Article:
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WSP transport planners tackle gender bias for inclusive travel

WSP transport planners tackle gender bias for inclusive travel

 April 14, 2022

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Transport professionals have a responsibility to create schemes and systems that are equitable, just, and inclusive. But when 8 in 10 transport professionals are male, and 46% of those professionals have never considered gender in their day to day work, how can we ensure our transport systems are safe, accessible places for women? 

Meet WSP's Inclusive Transport Changemakers, who are all tackling gender bias in transport design.

Laura Brooks, Susan Leadbetter, and Victoria Heald explore the issues in three research studies. 

Challenging bias in transport 

Laura, Susan and Victoria explain that our transport system has a long way to go before it is truly equitable, with gender playing a significant factor in increased fear and anxiety about using public transport safely. This is not to say that exclusion is deliberate – in fact in their Building Barriers through Bias study, they found that almost everyone they surveyed working in transport believed transport should be universally accessible (99%). But over a third had considered the needs of a protected characteristic group, such as sex, disability or sexual orientation, less than once a week, and less than a fifth had directly engaged with a representative from these groups to inform an Equality Impact Assessment. 

"We all have biases. These can even be in contrast with our considered beliefs. But there appears to be a disparity between the views and actions of transport professionals which may be preventing transport from being truly accessible," they say.

"It's not just about gender. We know a lot about the gender make-up of the transport profession due to legislative requirements, but significantly less is known about the wider demographic characteristics of this profession, such as non-visible and visible disabilities, ethnicity and sexual orientation. But we’d hazard a guess from the scarce existing information that representation is patchy."

The mental burden of staying safe

WSP's Inclusive Transport Changemakers ask: "Why does this matter?"

They found that, through non-participatory design, unequal access is ‘designed in’ to streetscapes and the public realm, and different perceptions of safety are ignored, excluding certain users.

For instance, their research into Women’s Personal Safety on Public Transport in London found that out of 638 women surveyed, 28% had been a victim of a sexual related incident on public transport, and 47% had witnessed an incident taking place. "These are shocking statistics that highlight the scale of the problem, following the tragedies of Sarah Everard and Sabina Nessa’s deaths as they travelled about their business in London," explain Laura, Susan and Victoria.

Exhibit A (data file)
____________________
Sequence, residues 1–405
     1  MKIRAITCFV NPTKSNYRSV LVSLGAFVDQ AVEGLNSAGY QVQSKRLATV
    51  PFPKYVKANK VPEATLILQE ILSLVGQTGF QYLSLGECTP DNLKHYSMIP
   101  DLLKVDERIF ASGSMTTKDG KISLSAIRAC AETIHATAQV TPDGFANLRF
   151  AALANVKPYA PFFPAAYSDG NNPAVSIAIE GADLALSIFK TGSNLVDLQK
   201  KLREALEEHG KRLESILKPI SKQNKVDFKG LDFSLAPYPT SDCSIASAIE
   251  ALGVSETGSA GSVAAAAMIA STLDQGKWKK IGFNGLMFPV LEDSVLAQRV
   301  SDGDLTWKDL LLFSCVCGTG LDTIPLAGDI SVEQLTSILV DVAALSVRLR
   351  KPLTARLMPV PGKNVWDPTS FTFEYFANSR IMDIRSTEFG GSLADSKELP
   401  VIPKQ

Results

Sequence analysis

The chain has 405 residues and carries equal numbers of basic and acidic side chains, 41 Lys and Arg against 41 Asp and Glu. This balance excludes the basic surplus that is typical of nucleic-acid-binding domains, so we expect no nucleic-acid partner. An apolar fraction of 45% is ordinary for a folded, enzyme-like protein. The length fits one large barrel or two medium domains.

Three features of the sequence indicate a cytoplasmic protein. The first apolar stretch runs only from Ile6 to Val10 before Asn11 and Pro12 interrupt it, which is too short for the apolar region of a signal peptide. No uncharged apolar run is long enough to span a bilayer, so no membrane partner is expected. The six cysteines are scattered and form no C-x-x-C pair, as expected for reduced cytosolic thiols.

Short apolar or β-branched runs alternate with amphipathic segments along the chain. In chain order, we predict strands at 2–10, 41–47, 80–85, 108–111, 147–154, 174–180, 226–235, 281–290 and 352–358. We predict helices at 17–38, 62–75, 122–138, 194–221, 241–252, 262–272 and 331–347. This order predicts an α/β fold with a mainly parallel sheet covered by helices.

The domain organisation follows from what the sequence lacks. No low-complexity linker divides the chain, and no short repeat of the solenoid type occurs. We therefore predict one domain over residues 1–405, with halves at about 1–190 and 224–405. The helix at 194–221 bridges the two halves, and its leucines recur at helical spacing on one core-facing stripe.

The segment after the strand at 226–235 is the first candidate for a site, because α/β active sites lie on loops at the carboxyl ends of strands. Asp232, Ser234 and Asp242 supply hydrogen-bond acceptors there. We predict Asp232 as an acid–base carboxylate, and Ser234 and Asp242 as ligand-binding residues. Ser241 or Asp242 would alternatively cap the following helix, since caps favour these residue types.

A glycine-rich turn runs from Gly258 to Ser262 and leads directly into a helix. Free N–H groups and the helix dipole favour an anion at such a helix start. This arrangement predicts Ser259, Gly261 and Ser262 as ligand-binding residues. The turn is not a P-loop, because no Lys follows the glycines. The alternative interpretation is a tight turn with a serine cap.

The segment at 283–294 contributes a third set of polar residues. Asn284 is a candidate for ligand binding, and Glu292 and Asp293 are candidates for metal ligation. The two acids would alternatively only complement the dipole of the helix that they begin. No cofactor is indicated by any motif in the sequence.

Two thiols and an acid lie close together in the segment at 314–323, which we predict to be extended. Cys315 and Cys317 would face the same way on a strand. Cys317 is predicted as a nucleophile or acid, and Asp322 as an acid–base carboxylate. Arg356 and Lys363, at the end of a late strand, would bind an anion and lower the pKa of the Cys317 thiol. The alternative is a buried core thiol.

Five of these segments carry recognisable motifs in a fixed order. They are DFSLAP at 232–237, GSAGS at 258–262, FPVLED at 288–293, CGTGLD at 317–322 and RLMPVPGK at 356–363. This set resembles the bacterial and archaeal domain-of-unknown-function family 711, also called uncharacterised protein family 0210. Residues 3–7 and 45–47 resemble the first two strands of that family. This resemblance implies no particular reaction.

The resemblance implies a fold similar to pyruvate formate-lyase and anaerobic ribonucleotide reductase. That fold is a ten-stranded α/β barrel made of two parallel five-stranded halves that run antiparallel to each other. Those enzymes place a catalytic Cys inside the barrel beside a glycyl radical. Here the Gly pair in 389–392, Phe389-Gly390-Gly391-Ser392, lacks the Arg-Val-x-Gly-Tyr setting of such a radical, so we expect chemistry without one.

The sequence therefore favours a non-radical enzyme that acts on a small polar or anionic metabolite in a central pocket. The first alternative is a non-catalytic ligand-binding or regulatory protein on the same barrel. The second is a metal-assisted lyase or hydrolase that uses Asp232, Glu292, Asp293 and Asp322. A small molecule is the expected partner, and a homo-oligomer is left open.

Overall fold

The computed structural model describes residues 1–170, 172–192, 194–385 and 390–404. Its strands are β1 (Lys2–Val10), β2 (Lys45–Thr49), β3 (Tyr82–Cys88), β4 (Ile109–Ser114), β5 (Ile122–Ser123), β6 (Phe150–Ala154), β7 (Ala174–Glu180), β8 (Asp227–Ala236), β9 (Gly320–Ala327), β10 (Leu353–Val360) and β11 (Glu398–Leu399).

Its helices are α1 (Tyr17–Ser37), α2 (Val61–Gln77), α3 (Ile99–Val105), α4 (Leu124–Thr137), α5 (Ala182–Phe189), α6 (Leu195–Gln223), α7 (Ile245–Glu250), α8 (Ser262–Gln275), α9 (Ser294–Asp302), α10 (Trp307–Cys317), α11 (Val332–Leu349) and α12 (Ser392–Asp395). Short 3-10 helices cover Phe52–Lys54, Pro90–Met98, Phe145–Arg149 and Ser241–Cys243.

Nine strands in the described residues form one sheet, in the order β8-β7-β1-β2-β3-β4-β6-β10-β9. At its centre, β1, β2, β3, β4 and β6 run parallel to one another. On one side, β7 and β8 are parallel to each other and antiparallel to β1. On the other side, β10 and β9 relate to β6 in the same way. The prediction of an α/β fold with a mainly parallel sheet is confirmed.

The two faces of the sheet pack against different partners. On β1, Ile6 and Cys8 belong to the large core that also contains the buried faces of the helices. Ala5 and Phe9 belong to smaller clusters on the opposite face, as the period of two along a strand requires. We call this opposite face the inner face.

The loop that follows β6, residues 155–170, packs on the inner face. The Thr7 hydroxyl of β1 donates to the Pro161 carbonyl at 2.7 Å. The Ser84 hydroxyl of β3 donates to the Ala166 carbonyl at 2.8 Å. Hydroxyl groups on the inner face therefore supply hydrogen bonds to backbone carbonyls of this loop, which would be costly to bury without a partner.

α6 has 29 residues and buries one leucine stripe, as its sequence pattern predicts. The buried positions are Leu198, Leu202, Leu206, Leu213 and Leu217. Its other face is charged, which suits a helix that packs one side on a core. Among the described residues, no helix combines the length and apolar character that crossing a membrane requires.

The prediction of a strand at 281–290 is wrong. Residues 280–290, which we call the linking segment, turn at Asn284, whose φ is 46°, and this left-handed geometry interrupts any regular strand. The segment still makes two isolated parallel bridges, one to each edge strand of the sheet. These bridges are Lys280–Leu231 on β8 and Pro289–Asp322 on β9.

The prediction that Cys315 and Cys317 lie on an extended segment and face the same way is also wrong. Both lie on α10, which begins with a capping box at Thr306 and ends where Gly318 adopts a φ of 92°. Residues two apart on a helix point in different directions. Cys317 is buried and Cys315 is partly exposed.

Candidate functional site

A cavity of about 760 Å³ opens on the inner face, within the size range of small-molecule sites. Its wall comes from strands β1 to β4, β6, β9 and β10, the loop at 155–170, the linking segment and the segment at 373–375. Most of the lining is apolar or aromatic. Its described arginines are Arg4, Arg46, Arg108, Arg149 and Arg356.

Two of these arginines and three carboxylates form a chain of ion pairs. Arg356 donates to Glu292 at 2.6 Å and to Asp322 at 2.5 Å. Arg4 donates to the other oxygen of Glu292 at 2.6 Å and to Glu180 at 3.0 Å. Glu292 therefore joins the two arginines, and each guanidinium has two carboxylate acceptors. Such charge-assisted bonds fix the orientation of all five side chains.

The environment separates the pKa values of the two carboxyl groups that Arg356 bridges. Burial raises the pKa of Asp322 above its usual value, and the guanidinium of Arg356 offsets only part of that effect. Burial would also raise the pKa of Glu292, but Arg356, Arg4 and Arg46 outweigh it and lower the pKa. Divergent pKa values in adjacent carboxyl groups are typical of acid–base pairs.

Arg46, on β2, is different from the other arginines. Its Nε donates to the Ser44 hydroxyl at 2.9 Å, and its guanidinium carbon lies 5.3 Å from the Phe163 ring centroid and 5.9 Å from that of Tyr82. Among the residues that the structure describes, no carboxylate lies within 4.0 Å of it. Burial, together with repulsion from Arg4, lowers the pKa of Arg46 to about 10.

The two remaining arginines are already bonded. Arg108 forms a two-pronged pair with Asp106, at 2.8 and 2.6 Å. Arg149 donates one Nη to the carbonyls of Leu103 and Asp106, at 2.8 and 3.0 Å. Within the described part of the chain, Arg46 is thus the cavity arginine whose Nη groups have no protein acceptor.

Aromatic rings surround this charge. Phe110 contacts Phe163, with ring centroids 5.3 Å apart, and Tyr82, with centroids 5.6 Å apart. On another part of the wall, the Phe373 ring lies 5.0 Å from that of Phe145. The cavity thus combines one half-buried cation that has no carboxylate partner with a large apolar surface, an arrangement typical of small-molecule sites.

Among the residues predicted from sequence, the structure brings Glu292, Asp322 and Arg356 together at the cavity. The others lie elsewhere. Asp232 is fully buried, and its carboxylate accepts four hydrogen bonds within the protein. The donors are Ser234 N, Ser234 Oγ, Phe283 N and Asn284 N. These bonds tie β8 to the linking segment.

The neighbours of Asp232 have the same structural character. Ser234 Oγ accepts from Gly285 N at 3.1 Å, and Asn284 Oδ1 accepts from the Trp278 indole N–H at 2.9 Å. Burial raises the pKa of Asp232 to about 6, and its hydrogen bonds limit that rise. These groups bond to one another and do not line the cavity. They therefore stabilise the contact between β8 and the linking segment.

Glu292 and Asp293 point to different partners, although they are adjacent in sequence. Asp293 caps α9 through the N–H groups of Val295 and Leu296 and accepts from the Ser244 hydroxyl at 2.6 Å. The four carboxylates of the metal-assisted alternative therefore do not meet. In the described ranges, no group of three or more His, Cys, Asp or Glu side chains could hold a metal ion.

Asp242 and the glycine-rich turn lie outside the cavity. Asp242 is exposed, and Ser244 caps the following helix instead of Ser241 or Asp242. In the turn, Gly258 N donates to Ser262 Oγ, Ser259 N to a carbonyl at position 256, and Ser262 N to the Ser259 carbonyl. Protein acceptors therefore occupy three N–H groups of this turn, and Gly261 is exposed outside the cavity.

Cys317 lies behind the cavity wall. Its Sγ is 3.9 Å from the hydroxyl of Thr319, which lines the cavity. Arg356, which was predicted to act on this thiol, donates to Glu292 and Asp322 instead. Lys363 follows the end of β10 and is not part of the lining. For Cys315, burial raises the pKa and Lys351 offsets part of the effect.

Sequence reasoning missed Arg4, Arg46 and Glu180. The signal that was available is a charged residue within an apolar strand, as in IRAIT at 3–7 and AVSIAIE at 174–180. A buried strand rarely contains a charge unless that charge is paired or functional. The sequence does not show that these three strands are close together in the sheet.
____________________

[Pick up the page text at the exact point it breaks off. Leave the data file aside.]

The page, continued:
"Indeed from an early age, it is embedded in female minds’ that they must act or behave a certain way to avoid being assaulted whilst travelling in public. Women consider safety from the moment they leave to the moment they arrive and adopt several behavioural mechanisms in response – taking a longer route, changing clothes, holding keys as a defensive weapon," they add.

Helping women feel safer

WSP transport inclusion

What can transport design do to alleviate some of this mental burden and help women feel safer?

Laura, Susan and Victoria suggest co-creating and engaging with women in the design of transport and public spaces, as well as improved education. They cite TfL’s campaign that highlights all the different examples of sexual harassment, such as cat calling, exposing, cyber flashing, touching, staring and up skirting.

"Easier reporting, and physical interventions in lighting, CCTV, natural surveillance are important as well as greater enforcement. To really make a difference, all of this needs to be consider from the outset of the design process," they add.

Creating toolkits to tackle diversity challenge

How can we embed this gender inclusive thinking early on in transport design?

In their desire to tackle this diversity challenge, the Changemakers have co-created the Gender Equality Toolkit in Transport (GET-IT) with colleagues from Transport for Greater Manchester and Mott MacDonald, to tackle unconscious biases related to gender. It helps professionals understand how their work impacts women’s mobility. Underpinned by research and surveys, it helps inform, support, mobilise and unite professionals to consider gender in current and future transport schemes, pointing to examples of positive change such the TramLab Toolkits (1-4), Portsmouth City Council’s Behavioural Change programme and The World Bank’s Handbook for Gender Inclusive Urban Planning and Design.

Meet the Changemakers 

WSP transport

Victoria is a transport planner at WSP, focused on increasing representation in the transport sector. She won a Transport Planning Society bursary on her exploration of bias in the transport sector and has written extensively on this subject.

Susan is passionate about diversity and inclusion within the built environment. As a transport planner at WSP, she has a real focus on drawing attention to women’s safety, following her research A Study on Women’s Personal Safety on Public Transport in London.

As a transport planner at WSP, Laura is driven to ensuring gender mainstreaming becomes a key consideration through the transport project lifecycle, from inception to post-scheme monitoring. She co-created the Gender Equality Toolkit in Transport, which is currently being trialled with a number of clients.

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Disclosure: Where Women Work researches and publishes insightful evidence about how its paid member organizations support women's equality.

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